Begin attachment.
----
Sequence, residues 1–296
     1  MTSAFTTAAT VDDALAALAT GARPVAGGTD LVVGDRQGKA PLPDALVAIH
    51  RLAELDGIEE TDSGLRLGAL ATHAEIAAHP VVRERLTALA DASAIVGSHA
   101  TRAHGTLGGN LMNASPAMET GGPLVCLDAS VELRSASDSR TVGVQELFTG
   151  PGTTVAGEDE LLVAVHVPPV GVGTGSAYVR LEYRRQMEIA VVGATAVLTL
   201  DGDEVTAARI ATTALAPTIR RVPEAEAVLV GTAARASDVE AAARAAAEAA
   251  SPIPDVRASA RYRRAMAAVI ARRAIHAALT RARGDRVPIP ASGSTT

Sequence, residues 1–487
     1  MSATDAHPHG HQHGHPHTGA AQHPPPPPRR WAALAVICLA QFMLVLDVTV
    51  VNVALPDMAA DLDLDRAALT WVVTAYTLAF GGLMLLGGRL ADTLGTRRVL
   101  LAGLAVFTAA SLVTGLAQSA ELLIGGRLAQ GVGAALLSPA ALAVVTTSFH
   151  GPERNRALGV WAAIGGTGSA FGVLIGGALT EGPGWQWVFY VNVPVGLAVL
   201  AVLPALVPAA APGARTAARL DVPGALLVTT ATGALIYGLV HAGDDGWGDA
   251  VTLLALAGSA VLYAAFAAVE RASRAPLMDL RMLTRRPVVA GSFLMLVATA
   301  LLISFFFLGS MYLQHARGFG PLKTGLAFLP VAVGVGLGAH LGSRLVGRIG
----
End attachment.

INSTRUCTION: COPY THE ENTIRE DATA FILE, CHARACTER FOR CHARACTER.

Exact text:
Sequence, residues 1–296
     1  MTSAFTTAAT VDDALAALAT GARPVAGGTD LVVGDRQGKA PLPDALVAIH
    51  RLAELDGIEE TDSGLRLGAL ATHAEIAAHP VVRERLTALA DASAIVGSHA
   101  TRAHGTLGGN LMNASPAMET GGPLVCLDAS VELRSASDSR TVGVQELFTG
   151  PGTTVAGEDE LLVAVHVPPV GVGTGSAYVR LEYRRQMEIA VVGATAVLTL
   201  DGDEVTAARI ATTALAPTIR RVPEAEAVLV GTAARASDVE AAARAAAEAA
   251  SPIPDVRASA RYRRAMAAVI ARRAIHAALT RARGDRVPIP ASGSTT

Sequence, residues 1–487
     1  MSATDAHPHG HQHGHPHTGA AQHPPPPPRR WAALAVICLA QFMLVLDVTV
    51  VNVALPDMAA DLDLDRAALT WVVTAYTLAF GGLMLLGGRL ADTLGTRRVL
   101  LAGLAVFTAA SLVTGLAQSA ELLIGGRLAQ GVGAALLSPA ALAVVTTSFH
   151  GPERNRALGV WAAIGGTGSA FGVLIGGALT EGPGWQWVFY VNVPVGLAVL
   201  AVLPALVPAA APGARTAARL DVPGALLVTT ATGALIYGLV HAGDDGWGDA
   251  VTLLALAGSA VLYAAFAAVE RASRAPLMDL RMLTRRPVVA GSFLMLVATA
   301  LLISFFFLGS MYLQHARGFG PLKTGLAFLP VAVGVGLGAH LGSRLVGRIG